We gave it an A-
Grand and rousing, Gladiator owes its shape and scope to the splashy historical ”sword-and-sandal movies” of the 1950s and ’60s, legendary cinema circuses like ”Ben-Hur” and ”Spartacus.” But Maximus (Russell Crowe), the charismatic general who stands at the center of director Ridley Scott’s giant arena, is, but for the breastplate, shield, and (when goaded into it) bloodthirsty fury, a brother-in-attitude of Tom Hanks’ Captain Miller in ”Saving Private Ryan.” They’re decent men forced by circumstance to perform extraordinary feats, faithful husbands who just want to go home, but who take up arms instead to fix a broken world. (They’re also both attached to units out of DreamWorks, Spielberg’s global theater of operations.)
Like ”Private Ryan,” ”Gladiator” charges into heart pounding battle just minutes into the first reel. Assembling his Roman legions for an assault on a barbarian horde, Maximus, the well-liked leader, circulates easily among his troops. ”At my signal — unleash hell!” he orders, whereupon Scott lets loose his own extraordinary assault. It’s a bravura sequence of flaming arrows, falling horses, and mortal combat that doesn’t copy ”Private Ryan”’s famous opening tour de force of carnage so much as raise a banner in admiration. It’s Scott the visual artist at his most deluxe.
The victory pleases Emperor Marcus Aurelius (Richard Harris), who loves Maximus more than he does his own weak yet treacherous son, Commodus (Joaquin Phoenix), or Commodus’ shrewd, comely sister, Lucilla (Connie Nielsen). The dying emperor would like the Spanish-born Maximus to succeed him, paving the way for Rome to once again become a republic, but Commodus doesn’t take the news well; for an indolent weasel, he’s remarkably resourceful about killing everyone Maximus loves. He nearly succeeds in having Maximus killed, too. Wounded, the general escapes but is then captured by slave traders, sold into bondage, and marked for certain death under the ownership of Proximo (Oliver Reed), a cynical supplier of gladiators for all occasions.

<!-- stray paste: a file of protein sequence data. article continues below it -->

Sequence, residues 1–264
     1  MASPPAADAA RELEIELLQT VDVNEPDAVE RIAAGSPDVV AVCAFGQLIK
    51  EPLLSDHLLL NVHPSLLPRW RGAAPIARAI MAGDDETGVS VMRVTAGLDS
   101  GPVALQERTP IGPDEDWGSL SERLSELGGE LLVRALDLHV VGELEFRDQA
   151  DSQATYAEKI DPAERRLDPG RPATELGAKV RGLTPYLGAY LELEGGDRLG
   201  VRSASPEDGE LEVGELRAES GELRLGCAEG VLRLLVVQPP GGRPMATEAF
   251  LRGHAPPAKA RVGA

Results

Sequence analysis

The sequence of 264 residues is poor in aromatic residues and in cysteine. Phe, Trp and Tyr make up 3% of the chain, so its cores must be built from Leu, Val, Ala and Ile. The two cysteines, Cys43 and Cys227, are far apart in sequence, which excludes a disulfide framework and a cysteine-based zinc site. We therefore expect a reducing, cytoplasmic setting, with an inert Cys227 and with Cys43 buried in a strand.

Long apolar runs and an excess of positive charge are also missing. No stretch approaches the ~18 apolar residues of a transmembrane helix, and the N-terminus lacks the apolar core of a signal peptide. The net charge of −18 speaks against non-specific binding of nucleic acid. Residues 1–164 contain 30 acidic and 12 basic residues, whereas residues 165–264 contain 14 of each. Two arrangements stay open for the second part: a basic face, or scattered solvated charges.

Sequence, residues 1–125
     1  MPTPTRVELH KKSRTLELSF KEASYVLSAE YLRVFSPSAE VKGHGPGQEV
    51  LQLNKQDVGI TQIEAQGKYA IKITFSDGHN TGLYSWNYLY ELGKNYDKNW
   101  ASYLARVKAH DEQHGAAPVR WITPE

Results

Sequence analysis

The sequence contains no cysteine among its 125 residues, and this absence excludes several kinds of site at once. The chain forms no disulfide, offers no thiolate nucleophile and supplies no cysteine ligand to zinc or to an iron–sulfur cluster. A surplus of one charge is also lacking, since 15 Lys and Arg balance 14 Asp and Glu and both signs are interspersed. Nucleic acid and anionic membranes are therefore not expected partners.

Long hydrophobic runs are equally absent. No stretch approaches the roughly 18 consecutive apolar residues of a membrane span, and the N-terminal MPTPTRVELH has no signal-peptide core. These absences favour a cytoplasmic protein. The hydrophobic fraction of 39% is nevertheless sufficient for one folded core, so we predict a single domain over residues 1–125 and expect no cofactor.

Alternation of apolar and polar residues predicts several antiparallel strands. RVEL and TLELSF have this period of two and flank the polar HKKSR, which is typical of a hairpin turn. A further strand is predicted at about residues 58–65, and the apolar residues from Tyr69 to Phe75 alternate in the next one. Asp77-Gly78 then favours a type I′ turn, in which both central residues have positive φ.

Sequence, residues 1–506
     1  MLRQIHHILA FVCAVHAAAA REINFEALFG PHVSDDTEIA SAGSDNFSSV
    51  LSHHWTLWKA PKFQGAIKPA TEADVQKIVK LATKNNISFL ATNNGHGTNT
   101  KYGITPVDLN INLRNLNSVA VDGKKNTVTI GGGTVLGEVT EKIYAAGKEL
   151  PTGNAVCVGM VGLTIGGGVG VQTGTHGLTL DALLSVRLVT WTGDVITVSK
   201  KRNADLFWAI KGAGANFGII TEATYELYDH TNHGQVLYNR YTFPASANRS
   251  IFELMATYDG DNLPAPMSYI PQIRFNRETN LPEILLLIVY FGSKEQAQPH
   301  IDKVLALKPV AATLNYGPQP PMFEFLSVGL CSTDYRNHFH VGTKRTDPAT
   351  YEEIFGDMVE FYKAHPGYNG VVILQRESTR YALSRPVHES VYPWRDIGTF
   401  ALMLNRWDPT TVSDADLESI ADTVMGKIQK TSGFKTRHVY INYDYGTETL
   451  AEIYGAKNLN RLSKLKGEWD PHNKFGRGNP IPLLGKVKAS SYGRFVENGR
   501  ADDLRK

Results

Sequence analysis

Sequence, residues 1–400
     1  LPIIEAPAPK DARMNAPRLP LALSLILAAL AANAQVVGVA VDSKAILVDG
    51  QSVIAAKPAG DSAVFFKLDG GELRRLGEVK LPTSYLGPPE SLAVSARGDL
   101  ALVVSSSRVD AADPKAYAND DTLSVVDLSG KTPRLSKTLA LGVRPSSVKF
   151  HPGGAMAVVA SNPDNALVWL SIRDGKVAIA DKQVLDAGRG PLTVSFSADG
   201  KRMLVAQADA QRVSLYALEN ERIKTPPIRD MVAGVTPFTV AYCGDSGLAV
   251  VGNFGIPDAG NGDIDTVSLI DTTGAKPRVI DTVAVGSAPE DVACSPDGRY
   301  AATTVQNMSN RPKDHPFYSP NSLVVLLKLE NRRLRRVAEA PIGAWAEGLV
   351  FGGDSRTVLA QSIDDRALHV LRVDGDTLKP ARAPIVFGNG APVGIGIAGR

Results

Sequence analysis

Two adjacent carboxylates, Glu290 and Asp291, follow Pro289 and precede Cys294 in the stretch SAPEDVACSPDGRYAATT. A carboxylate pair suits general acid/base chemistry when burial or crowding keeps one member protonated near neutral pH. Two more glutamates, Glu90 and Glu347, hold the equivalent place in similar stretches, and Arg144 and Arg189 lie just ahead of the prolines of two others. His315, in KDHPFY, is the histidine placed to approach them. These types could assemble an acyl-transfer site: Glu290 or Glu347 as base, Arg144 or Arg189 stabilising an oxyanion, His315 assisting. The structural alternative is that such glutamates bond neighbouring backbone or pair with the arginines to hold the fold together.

Maximus’ incognito return to Rome to fight in the Colosseum (in front of the new emperor, Commodus), his quick rise to fame as the town’s winningest warrior, and his big showdown with his old adversary fill the last act of ”Gladiator” — as do a dazzling display of old-time Roman crowd scenes and stadium acts conjured with computerized magic that would have slayed old sandal-movie showmen like William Wyler and Cecil B. DeMille. But as much as the director’s mise-en-scène dazzles, this is the rare Ridley Scott production in which individual characters have relatively secure separate identities.
”Gladiator,” though, is Crowe’s to win or lose — Caesar’s thumb up or thumb down, as it were. And he wins, colossally. The New Zealand-born, Australian-raised actor’s performances have each been so completely different from one another, his transformation so complete and self-abnegating as to erase the notion of a fundamental Russell Crowe. Previously, this disarming lack of a portable, consistent, publicity-friendly acting personality has gotten in the way of his becoming a marquee star. Not any more. The puffy, ashen whistle-blower Crowe played in ”The Insider” (for which he jolly well deserved the Oscar) has vanished, replaced by a brawny army general used to working the land.
This Maximus, with his lovely, meaty 1950s body mass like that of a William Holden or Robert Mitchum, has a farmer’s vanity-free self-confidence; he needs to hold and smell a handful of the earth before each battle. Heartily masculine, commanding yet capable of temperance, and with a warily, wearily understanding gaze, Crowe makes Maximus’ desire to go home when his job is done the greatest aspiration a man can have. Whether or not he gets there in the end doesn’t matter. What matters for today’s hero is the good fight, and ”Gladiator” KOs us with a doozy.